|Nov 2, 2012, 08:04 PM||#1|
I'm a long time Mac User, and I recently came across a Sharp flat screen TV that lets you play media like movies right to your TV Via USB!
At first I thought it was terrific, until my sister came over with all these home movies that she had converted to digital. First problem was that the TV couldn't see her hard drive. It's not that her Hard drive wasn't working it's that it wasn't formatted FAT, or NTFS 3G.
Unfortunately she will never format a hard drive FAT, or anything else in a Windows compatible PC style because she hates PC's and only uses Mac.
So I get small USB drive and its formatted FAT and it works, well at least it sees the drive. Oddly enough that's just not going to be good enough for what we wanted because now the movies are formatted .mpg, and the TV wont recognize that video format. I noticed that if its .flv they play, so anything not formatted properly wont play.
I'm not so sure why they did this, but it definitely lacks universal compatibility for media, which is something that the average person needs, because they don't know how to convert files, let alone format a disk. I tried playing other movies on other TV's Ive come across when I can, and it turns out some don't support any type of media play via USB because they lack the application to do so, and so on.
So much for never having to buy a DVD or Blu-Ray player ever again.
|Nov 3, 2012, 02:26 AM||#2|
I got a Samsung TV and returned it for this very reason. They're all about advertising how it plays your own media, but it doesn't really work at all or very well. It leads me to believe they just do a half-assed job so that they can print it on the box and sell a few more units.
|Nov 3, 2012, 02:50 AM||#3|
The problem for me though was mostly that the player did not accept the video container (.m4v, .wmv, ...) but was fine with the codec. For that (and some more reasons) I wrote this little program that will not change the encoding of the video but only the container, so it will be lossless and very fast. I just batch-changed e.g. all my .m4v to .mp4 containers and can now play them back. Maybe this helps you if you don't want to return the thing anyways?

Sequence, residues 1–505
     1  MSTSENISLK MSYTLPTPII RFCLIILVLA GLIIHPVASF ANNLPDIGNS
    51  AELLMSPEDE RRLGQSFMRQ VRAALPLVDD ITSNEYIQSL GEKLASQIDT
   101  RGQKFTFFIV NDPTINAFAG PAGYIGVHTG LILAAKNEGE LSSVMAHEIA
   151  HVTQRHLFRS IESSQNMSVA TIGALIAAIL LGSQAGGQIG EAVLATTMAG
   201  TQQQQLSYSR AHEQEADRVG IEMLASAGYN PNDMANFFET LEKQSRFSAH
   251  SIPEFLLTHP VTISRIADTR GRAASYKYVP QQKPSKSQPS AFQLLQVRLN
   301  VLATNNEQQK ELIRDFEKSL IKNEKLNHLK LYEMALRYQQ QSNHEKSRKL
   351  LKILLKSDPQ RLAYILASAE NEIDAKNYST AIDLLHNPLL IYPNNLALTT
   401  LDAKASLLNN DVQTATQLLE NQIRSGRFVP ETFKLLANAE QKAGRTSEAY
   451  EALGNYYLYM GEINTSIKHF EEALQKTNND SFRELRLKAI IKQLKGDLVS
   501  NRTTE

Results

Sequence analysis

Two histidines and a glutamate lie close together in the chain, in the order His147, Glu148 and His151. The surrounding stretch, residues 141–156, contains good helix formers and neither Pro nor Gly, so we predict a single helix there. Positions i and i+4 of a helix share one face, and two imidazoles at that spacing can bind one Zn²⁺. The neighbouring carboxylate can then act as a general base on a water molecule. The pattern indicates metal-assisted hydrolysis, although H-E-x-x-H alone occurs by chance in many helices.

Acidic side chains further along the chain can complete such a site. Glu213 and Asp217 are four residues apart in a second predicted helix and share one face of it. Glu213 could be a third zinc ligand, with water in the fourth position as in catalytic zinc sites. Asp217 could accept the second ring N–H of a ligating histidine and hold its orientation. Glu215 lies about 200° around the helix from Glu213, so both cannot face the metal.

By the way, it is very common that standalone devices (non-computers) will only read FAT formatted drives. Sadly, MacOS X, Windows, and Linux do not have a proper file system format that they can all read and write nicely. The very old and sucky FAT is the only one that can be dealt with naturally by all three. That is also why almost all USB keys and even many external hard drives are formatted in FAT (or extended FAT if they are big). You are gonna have to live with that. MacOS Journaled is a very usable file system, but so is NTFS and ext4, but none of them are usable without problem on the other operating systems...
So, apart from that... any more questions?
|Nov 3, 2012, 03:01 AM||#4|
Their are many reasons to format maybe a drive as dual partitions with 100GBs that are ExFAT and 400GB that are Mac OS X Journaled. Thats what I do so I can share data off my scratch drive with windows users. I do this on most of my drives..never know when you might need it.
-15" rMBP 2.4/8/256/650M, FCP X, AE CS5.5, PS CS6
-USB3 180GB SSD, Intensity Shuttle Thunderbolt
-iPhone 6 in Space Grey 128GB
-Canon 550D, GoPro3 Black
|Nov 6, 2012, 09:50 PM||#5|
It really doesn't phase me too much, if I have time Ill just reformat the video to whatever the proper format is and put it on a FAT or NTFS hard drive. However I did run across a problem that kinda makes me a bit mad.
I changed a video on my mac from .flv to .m4v using handbrake, and the Mac wont let me put the file on a FAT or NTFS hard drive now?
|Nov 7, 2012, 12:52 AM||#6|
This almost certainly has nothing to do with the file format, since the file system really doesn't care about that. My first guess would be: The file is bigger than 4 GB. This will not fit on a FAT formatted drive. It should fit on an NTFS drive, but depending on the NTFS driver you use, it will maybe refuse to do that, too. Other than that, I can hardly think of a proper reason without an error message.
If that really is your problem, try to take a look at the file size of the .flv before the Handbrake conversion. If that is smaller than 4GB and the conversion blew up the file, you converted it in a strange way. But you can easily give handbrake the needed options, or (as I said before) just change the container format to keep it the same size.
Are you sure your player will work with .m4v containers? Because my standalone player doesn't. Did you read my last reply? About containers and codecs? It might be the language barrier (I'm not a native English speaker), but your statements seem a little hectic and confused to me. Try to calm down. We'll get there. Describe your exact problem and question.
Sorry if this sounds condescending, it's really not meant that way, I'm just trying to help you but don't really understand what you did...
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